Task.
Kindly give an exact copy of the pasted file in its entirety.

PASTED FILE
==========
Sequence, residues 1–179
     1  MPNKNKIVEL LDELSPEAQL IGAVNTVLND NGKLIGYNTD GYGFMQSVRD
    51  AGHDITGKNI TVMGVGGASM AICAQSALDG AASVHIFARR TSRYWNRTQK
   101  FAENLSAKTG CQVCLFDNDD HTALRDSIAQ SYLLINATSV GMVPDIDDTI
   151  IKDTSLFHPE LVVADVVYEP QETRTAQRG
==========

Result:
Sequence, residues 1–179
     1  MPNKNKIVEL LDELSPEAQL IGAVNTVLND NGKLIGYNTD GYGFMQSVRD
    51  AGHDITGKNI TVMGVGGASM AICAQSALDG AASVHIFARR TSRYWNRTQK
   101  FAENLSAKTG CQVCLFDNDD HTALRDSIAQ SYLLINATSV GMVPDIDDTI
   151  IKDTSLFHPE LVVADVVYEP QETRTAQRG